We write to you on behalf of the Baltimore Yearly Meeting of the Religious Society of Friends, (Quakers).  Baltimore Yearly Meeting represents Quakers in four states and the District of Columbia.  This letter was approved in unity by members meeting in worship.

Sincerely,

Howard Fullerton, Clerk

Baltimore Yearly Meeting

Religious Society of Friends (Quakers)

Dear [member of Congress]:

We are writing to you out of our concern regarding  House Resolution 1553 which voices support for Israel to use “…all means necessary…including the use of military force” to “eliminate nuclear threats” posed by Iran. This could lead to another tragic war in the Middle East.

As members of the Religious Society of Friends (Quakers) we are committed to resolving conflicts through nonviolent means.  We believe there is that of God in every human being and therefore the life of every person is sacred.  We believe that war is wrong.     Now is the time to speak out against this misguided effort by some members of Congress, and to redouble diplomatic efforts to resolve this situation without the use of military force.

An attack on Iran would lead to further violence.  We believe that violence intensifies animosities and leads to even more violence. The U.S. and the wider world have viable alternatives for resolving conflicts and avoiding the catastrophes of war and nuclear proliferation.  We therefore ask you to oppose House Resolution 1553.

The world cannot afford, in any sense of the word, to expand the terrible wars already going on in the Middle East.  We cannot afford it in terms of human suffering, in terms of money and resources spent, in terms of the spirit and soul of all nations involved, and in terms of the earth itself.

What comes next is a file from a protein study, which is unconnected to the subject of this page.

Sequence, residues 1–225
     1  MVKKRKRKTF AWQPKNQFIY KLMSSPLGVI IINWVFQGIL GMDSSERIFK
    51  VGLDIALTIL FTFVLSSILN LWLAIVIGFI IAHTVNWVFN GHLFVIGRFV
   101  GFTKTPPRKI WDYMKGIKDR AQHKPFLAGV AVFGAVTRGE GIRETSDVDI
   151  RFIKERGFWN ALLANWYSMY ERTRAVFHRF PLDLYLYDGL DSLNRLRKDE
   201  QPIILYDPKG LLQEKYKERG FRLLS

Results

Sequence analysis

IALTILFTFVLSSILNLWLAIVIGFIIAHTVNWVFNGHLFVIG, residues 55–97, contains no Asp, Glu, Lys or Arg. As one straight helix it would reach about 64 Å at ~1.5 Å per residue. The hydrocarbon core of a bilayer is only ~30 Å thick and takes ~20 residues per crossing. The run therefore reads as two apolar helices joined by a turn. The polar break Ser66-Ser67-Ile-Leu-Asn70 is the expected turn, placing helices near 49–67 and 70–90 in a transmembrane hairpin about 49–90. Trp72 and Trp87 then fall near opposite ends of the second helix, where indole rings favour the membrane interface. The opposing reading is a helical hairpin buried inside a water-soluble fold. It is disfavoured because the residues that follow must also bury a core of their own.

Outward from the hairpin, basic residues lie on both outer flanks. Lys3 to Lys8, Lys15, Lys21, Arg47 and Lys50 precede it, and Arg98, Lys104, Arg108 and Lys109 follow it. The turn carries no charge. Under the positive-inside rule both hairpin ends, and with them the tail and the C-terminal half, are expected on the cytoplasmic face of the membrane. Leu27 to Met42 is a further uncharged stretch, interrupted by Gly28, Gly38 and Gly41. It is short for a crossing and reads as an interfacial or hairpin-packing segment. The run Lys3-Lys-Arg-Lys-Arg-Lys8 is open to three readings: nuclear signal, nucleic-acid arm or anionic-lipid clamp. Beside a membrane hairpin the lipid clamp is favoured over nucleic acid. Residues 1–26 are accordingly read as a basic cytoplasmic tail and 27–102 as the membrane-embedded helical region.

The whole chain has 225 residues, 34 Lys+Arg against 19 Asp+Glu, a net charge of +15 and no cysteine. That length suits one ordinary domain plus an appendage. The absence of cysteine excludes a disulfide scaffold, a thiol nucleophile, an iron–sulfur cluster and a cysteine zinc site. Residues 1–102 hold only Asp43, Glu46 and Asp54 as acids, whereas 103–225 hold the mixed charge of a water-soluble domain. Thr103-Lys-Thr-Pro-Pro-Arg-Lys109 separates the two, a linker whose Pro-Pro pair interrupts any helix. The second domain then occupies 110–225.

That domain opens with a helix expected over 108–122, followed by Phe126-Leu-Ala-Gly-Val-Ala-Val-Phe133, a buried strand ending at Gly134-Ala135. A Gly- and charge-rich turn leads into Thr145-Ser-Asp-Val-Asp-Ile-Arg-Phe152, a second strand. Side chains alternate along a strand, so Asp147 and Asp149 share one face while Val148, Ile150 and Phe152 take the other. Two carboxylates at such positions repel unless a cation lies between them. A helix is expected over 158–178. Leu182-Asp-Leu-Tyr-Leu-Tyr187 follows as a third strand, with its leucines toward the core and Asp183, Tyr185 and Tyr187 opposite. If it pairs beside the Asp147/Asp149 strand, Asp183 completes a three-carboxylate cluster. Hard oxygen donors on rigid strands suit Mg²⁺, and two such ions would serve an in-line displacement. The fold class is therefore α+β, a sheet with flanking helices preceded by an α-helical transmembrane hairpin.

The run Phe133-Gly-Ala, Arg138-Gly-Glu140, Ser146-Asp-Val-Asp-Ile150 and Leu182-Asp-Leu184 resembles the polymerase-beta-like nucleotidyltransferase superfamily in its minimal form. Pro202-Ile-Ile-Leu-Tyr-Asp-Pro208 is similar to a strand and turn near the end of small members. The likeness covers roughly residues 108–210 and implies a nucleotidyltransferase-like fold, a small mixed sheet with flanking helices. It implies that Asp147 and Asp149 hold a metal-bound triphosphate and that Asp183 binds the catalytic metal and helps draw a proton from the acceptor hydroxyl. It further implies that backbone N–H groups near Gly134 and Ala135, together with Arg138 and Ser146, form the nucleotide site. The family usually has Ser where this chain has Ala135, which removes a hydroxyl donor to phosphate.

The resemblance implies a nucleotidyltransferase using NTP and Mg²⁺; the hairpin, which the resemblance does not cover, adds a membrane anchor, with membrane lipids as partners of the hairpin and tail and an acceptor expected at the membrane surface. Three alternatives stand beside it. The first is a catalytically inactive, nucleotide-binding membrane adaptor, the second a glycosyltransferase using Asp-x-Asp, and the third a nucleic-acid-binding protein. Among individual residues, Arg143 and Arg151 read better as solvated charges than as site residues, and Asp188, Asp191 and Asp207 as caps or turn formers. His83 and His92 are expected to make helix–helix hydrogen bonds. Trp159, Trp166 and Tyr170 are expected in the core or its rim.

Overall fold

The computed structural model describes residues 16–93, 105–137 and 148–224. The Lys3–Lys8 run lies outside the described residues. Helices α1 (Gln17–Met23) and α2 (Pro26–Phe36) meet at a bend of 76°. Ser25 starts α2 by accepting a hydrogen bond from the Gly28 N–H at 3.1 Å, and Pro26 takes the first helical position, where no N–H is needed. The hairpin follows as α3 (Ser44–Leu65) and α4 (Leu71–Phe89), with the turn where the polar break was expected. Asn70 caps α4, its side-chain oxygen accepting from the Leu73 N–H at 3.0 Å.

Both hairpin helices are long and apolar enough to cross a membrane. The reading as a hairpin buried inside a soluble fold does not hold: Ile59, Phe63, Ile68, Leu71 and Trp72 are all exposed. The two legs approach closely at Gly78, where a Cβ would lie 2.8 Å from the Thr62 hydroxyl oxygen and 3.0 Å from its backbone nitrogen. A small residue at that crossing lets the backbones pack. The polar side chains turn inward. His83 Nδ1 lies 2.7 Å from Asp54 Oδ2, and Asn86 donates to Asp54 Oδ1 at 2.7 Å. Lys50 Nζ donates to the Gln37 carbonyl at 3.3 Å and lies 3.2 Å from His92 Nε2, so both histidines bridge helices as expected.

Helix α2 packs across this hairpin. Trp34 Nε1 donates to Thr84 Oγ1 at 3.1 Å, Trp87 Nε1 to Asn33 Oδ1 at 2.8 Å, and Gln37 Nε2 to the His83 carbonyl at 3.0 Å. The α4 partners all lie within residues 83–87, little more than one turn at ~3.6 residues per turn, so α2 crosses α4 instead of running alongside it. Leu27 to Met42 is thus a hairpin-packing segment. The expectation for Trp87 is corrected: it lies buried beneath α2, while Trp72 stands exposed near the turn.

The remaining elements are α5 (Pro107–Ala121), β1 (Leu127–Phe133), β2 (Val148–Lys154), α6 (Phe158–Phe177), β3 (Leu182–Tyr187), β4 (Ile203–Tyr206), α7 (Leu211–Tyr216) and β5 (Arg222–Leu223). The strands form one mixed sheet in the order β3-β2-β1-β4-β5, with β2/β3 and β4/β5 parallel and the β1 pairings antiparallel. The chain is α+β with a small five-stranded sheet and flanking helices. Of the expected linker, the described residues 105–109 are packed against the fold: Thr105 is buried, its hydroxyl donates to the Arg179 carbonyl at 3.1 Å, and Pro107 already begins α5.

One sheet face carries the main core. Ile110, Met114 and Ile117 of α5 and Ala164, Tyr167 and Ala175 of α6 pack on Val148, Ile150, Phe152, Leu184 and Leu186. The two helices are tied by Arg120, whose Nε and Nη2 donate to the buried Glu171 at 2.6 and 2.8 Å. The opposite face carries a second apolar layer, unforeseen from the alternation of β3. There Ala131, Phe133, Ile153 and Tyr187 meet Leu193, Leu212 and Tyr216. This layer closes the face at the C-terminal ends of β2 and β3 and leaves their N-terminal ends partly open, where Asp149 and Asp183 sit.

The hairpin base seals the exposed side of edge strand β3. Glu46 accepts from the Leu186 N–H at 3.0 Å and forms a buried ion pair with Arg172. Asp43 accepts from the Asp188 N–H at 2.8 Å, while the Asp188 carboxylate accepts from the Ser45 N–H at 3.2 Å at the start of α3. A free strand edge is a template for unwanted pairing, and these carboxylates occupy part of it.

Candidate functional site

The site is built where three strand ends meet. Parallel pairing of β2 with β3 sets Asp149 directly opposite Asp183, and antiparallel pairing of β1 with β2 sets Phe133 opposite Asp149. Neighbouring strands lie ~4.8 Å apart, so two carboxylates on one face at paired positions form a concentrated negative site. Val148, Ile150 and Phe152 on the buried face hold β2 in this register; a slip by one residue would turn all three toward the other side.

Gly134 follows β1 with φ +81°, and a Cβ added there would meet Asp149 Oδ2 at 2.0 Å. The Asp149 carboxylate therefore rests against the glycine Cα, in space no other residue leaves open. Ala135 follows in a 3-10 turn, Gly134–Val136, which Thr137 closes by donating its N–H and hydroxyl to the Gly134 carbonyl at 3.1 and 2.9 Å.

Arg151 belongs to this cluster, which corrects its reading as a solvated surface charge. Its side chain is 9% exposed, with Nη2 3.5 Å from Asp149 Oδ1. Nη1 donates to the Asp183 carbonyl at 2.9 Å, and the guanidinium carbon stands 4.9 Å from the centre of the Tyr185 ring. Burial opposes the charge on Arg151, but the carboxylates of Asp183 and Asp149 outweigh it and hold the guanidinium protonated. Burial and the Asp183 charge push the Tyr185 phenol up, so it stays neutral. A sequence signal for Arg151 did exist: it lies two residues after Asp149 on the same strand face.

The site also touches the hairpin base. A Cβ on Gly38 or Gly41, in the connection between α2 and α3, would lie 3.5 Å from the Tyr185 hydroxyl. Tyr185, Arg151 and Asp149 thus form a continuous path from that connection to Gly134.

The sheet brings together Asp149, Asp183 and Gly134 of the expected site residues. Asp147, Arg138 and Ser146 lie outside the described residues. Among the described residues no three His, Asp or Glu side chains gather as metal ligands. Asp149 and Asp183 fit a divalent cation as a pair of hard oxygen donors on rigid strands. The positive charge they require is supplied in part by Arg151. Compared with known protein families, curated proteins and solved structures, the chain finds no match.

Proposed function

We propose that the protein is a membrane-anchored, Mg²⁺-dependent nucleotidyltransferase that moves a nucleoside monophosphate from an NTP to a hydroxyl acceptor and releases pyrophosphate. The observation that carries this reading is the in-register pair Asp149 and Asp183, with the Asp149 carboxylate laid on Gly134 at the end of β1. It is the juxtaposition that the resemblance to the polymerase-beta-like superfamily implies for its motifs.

We write to you on behalf of the Baltimore Yearly Meeting of the Religious Society of Friends, (Quakers).  Baltimore Yearly Meeting represents Quakers in four states and the District of Columbia.  This letter was approved in unity by members meeting in worship.

Sincerely,

Howard Fullerton, Clerk

Baltimore Yearly Meeting

Religious Society of Friends (Quakers)

We also reviewed the plans for Networking Day to be held at Sandy Spring on Saturday, 9-11-2010, from 10 until 3.  Lunch will be provided by Sandy Spring’s Hospitality Committee.  Speaker in the morning is Nathan Harrington, member of Sandy Spring and public school teacher who is creating an intentional community in the Congress Heights section of Anacostia in D.C. He is one of four people who have bought a house there and work together in the community on social justice issues.  It has been publicized by announcements to June’s Interim Meeting and Annual Session, a flier will be sent out to all the Meetings for inclusion in their newsletters and announcements, and by way of the PSCCS yahoo news group and the BYM website.

This is Bill’s last meeting as clerk and member of the committee, and we expressed our heart felt thanks for his leadership during the past four years.  Brad Olgilvie from William Penn House will assume clerkship as of the end of Annual Session, and will be present at Networking Day.